Is Longevity Genetic?

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Based on a study of thousands of twin pairs, only about 25 percent of the difference in lifespan among people is genetically determined.

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Below is an approximation of this video’s audio content. To see any graphs, charts, graphics, images, and quotes to which Dr. Greger may be referring, watch the above video.

Intro: This is one of the many videos that arose out of my research for my new book, How Not to Age. This video and the next are going to talk about the amount of influence genetics has on longevity.

It has long been said that the best hope for a long life is to choose your parents wisely. After all, doesn’t longevity just run in the family? Centenarians are people who live to be at least 100, and their siblings are certainly more likely to become centenarians themselves, and the parents of centenarians have been found to be more likely to have lived to at least 90 years old. On the other hand, the lifespans of spouses sometimes correlate as much as—or even more than—those of genetic relatives. Your partner may have as much of an impact as your parent. After all, genes aren’t the only things that get passed down. Perhaps Grandma’s healthy recipes, or even a lifelong love of running, runs in the family too. To tease out the role of genetics, researchers turn to twin studies, comparing differences between identical twins and fraternal twins.

For example, imagine you’re trying to determine the role of genetics in cancer—the role played by genes versus other factors that we may have control over. Since identical twins share 100 percent of their genes, whereas, on average, regular twins only share 50 percent, if genes played a large role, then you’d expect that identical twins would be more likely to share the same fate than fraternal twins, right? If there was no difference in the chances that both sets of twins got the same disease, then it would appear there’s no genetic contribution.

It turns out that the overwhelming contributor to the causation of cancer is not genetics, but rather what we’re exposed to. Primary genetic factors may only account for 5 to 10 percent of all cancers. The BRCA genes, popularized by Angelina Jolie, for example, may account for as little as 2 percent of breast cancers. If one identical twin gets breast cancer, the likelihood the other will too is only 13 percent, despite having essentially identical DNA. Now, that’s higher than shared rates among nonidentical twin women. So, there is a genetic component, but genes only appear to make a minor contribution to cancer risk. This is consistent with the rates of common cancers profoundly differing by as much as 200-fold around the world.

What do twin studies have to say about the heritability of lifespan? Based on a study of thousands of twin pairs, the heritability of longevity was 26 percent for men, and 23 percent for women. Subsequent twin studies have arrived at a similar estimate. Approximately 25 percent of our lifespan is determined by our genetic differences, which means how we live our lives may determine the bulk of our destiny. Estimates using other methods tend to fall in the 15 to 30 percent range. For example, an analysis of millions of family trees from 86 million public profiles in an online genealogy database led to an estimate of 16 percent, though due to so-called “assortative mating,” meaning the fact that we tend to pair up with mates similar to ourselves (rather than at random), that may actually be an overestimate. Chosen partners often have similar lifestyles; so, some of that 16 percent estimate may have been influenced by families sharing similar diets and healthy habits, and not exclusively their genes. Taking that into account, the actual heritability of lifespan may even be well below 10 percent.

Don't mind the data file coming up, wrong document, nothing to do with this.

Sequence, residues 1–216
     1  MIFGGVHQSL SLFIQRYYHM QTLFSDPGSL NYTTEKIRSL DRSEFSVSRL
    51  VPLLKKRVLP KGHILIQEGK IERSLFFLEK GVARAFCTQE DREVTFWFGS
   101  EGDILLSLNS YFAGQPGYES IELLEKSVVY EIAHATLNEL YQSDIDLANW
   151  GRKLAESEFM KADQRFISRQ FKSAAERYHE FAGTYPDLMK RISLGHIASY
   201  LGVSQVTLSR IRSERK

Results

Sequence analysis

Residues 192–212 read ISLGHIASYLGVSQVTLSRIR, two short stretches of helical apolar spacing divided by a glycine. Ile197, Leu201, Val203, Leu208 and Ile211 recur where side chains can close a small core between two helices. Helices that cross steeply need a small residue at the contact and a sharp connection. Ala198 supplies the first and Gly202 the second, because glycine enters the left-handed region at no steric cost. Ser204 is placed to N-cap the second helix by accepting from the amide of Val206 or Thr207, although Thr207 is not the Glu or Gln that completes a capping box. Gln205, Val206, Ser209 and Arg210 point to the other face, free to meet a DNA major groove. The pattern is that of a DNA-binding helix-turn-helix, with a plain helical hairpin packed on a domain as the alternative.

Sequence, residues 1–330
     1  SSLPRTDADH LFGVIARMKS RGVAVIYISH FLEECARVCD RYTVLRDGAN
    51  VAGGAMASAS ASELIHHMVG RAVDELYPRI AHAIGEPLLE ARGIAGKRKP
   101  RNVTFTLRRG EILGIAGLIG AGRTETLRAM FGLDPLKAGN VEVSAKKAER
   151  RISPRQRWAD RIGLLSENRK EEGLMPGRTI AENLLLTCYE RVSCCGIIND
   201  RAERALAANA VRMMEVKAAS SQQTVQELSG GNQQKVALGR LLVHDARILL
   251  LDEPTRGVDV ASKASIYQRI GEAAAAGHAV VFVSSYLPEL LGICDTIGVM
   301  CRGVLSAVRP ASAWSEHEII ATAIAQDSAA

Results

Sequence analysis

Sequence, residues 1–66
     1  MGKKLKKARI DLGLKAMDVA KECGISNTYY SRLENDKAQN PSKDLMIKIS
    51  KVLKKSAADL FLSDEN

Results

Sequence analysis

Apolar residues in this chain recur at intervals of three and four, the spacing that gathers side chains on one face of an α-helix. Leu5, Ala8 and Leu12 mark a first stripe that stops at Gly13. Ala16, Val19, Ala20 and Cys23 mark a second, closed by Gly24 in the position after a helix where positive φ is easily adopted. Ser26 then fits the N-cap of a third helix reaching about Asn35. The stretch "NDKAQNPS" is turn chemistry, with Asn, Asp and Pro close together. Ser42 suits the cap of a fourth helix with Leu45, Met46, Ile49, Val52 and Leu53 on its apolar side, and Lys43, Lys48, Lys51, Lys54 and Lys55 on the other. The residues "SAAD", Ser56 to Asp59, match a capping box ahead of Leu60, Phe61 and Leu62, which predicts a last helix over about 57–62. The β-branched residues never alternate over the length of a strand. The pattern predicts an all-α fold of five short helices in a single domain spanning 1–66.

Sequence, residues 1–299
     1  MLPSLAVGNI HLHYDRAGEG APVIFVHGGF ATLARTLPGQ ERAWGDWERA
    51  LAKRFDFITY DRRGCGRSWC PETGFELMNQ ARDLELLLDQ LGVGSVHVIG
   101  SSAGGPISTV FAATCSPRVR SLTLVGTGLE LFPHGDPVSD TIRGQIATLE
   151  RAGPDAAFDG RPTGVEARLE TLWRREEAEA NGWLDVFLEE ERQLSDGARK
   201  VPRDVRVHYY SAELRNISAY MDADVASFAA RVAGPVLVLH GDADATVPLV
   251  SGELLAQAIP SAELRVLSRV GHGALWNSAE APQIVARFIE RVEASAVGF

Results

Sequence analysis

To leverage the lifespan leeway we have beyond the relatively small genetic component, we must first understand the aging pathways that account for the nine hallmarks of aging. The term “antiaging” has been much abused in popular culture, attached to all manner of unproven products and procedures. The term should probably be reserved for things that can delay or reverse aging through the targeting of one or more of the established aging mechanisms. In a landmark paper cited nearly 7,000 times in the biomedical literature, “The Hallmarks of Aging” delineates nine common denominators of the aging process. They are Genomic Instability, the accumulation of DNA damage; Telomere Attrition, the loss of the protective caps at the end of our DNA strands; Epigenetic Alterations, changes in the way our genes are expressed; Loss of Proteostasis, the buildup of misfolded proteins; Deregulated Nutrient Sensing, metabolic alterations particularly sensitive to diet; Mitochondrial Dysfunction, the declining efficiency of our cellular powerplants; Cellular Senescence, the arrest of cell replication; Stem Cell Exhaustion, the loss of the potential of our tissues to regenerate; and Altered Intercellular Communication, the rise in proinflammatory signals. I’m going to be covering each of them, and what we can do to slow, stop, or reverse each one, in my book, How Not to Age.

Please consider volunteering to help out on the site.

Motion graphics by Avo Media

Below is an approximation of this video’s audio content. To see any graphs, charts, graphics, images, and quotes to which Dr. Greger may be referring, watch the above video.